26 February 2013 at 11.49am | Comment on this article
Taking education outside of the school gives students the chance to do hands-on learning. It’s also a great way for organizations, such as the Royal Opera House, to get children excited about its art forms. In 2010 a report by MPs found that there is a risk of school trips becoming less common in state schools because of health and safety regulation and fear of litigation.
We’ve found somewhere that has really made learning outside the classroom work: Southend Education Trust’s website SaLT (Southend a Learning Town) is leading the way in supporting schools to discover what is in their local area. It also helps schools share experiences and swap resources.
It features profiles of educational destinations across the South East of England, alongside key resources a teacher can use to make the visit a success.
Christine Farrell, Deputy Head Teacher of Blenheim Primary School and Southend Learning Town Project Co-ordinator says: ‘The site came about when we asked the question, “What do teachers really need to know to get their students outside the classroom?”. The answer was the logistics. Things like risk assessment, learning plans – all the details.’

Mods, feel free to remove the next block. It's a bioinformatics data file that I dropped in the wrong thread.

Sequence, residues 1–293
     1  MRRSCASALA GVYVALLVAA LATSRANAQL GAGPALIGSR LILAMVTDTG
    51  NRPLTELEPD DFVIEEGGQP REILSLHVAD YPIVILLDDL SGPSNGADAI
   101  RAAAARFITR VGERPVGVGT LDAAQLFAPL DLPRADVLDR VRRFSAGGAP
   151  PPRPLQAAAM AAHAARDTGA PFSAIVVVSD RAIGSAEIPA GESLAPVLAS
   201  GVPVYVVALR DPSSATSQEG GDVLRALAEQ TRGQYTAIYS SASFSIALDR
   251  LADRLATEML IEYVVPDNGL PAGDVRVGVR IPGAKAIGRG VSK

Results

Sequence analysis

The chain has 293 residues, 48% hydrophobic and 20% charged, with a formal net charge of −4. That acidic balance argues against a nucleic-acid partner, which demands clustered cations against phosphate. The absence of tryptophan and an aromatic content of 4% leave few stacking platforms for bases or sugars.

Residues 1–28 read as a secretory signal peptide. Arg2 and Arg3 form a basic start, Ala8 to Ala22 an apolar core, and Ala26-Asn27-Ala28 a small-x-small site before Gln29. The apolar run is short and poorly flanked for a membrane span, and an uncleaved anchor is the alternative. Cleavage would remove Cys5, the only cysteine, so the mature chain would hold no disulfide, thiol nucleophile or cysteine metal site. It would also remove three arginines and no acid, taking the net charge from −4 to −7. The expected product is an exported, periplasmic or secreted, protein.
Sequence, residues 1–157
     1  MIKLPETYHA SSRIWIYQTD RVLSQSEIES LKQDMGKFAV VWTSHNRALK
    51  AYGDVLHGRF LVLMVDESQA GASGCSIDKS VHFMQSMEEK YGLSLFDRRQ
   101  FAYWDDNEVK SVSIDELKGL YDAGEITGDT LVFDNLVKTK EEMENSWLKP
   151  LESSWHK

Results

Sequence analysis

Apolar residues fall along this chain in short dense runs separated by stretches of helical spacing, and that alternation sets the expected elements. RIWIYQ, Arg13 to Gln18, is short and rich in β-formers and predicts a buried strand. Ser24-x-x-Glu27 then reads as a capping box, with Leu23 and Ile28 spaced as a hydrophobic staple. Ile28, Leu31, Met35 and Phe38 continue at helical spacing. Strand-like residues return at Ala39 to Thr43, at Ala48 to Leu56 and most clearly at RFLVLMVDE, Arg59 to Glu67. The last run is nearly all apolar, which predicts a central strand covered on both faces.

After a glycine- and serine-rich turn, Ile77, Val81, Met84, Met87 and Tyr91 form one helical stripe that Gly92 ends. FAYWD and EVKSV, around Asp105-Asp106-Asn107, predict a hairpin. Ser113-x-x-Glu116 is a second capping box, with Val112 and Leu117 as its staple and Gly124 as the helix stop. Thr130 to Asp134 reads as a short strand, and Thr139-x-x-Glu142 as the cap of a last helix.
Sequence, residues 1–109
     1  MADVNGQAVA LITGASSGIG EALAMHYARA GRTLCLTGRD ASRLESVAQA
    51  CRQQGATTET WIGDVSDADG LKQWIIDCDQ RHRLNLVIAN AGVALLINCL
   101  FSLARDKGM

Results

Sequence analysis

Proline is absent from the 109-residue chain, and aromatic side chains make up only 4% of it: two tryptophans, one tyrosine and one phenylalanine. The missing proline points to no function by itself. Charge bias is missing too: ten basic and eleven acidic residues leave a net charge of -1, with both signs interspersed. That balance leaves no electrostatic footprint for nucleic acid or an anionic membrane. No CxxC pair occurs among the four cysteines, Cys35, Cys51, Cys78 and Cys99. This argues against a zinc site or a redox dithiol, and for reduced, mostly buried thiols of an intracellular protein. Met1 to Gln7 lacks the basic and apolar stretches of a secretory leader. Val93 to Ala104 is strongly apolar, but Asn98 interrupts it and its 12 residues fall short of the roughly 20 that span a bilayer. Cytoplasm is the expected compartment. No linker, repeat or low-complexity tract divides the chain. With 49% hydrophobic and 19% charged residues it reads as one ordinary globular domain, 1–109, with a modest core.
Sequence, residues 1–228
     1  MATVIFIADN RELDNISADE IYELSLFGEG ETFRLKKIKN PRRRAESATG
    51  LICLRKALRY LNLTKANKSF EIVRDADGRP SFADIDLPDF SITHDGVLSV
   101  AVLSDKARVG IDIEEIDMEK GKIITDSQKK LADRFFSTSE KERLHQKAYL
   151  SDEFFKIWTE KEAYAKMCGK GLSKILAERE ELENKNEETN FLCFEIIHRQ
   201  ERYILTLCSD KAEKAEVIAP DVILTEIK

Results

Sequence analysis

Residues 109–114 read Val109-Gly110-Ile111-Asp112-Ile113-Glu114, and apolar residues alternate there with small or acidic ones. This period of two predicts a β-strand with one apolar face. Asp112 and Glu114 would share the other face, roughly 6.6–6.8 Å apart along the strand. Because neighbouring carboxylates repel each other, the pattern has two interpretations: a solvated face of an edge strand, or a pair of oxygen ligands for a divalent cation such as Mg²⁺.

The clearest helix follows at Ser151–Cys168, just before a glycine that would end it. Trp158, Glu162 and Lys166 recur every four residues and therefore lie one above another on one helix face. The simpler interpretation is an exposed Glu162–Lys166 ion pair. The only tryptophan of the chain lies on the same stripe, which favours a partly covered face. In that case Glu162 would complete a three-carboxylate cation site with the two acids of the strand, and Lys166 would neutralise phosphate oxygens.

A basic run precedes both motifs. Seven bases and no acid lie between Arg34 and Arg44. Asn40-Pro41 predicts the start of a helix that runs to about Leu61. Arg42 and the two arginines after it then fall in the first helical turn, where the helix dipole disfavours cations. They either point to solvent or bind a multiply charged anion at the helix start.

The site allows teachers to upload and share their resources. They can also rate the venues they’ve visited, discuss experiences, as well as document their visit with video and photographs.
Christine explains: ‘We hope that by giving teachers a place to share, it will encourage more of them to get outside the school walls, use facilities on offer and explore.’
‘There is also an award on offer where, if a school meets the criteria, they are given financial help with their transport costs. If schools achieve the bronze, silver or gold award they will receive £500, £750 or £1000 each year for three years.’
Teachers can join by visiting the website and creating a profile.
Christine says: ‘Learning outside the classroom is so important because it really builds on skills you can’t get in a school setting. The simplest things like getting some fresh air or being in different scenario can really help children learn.’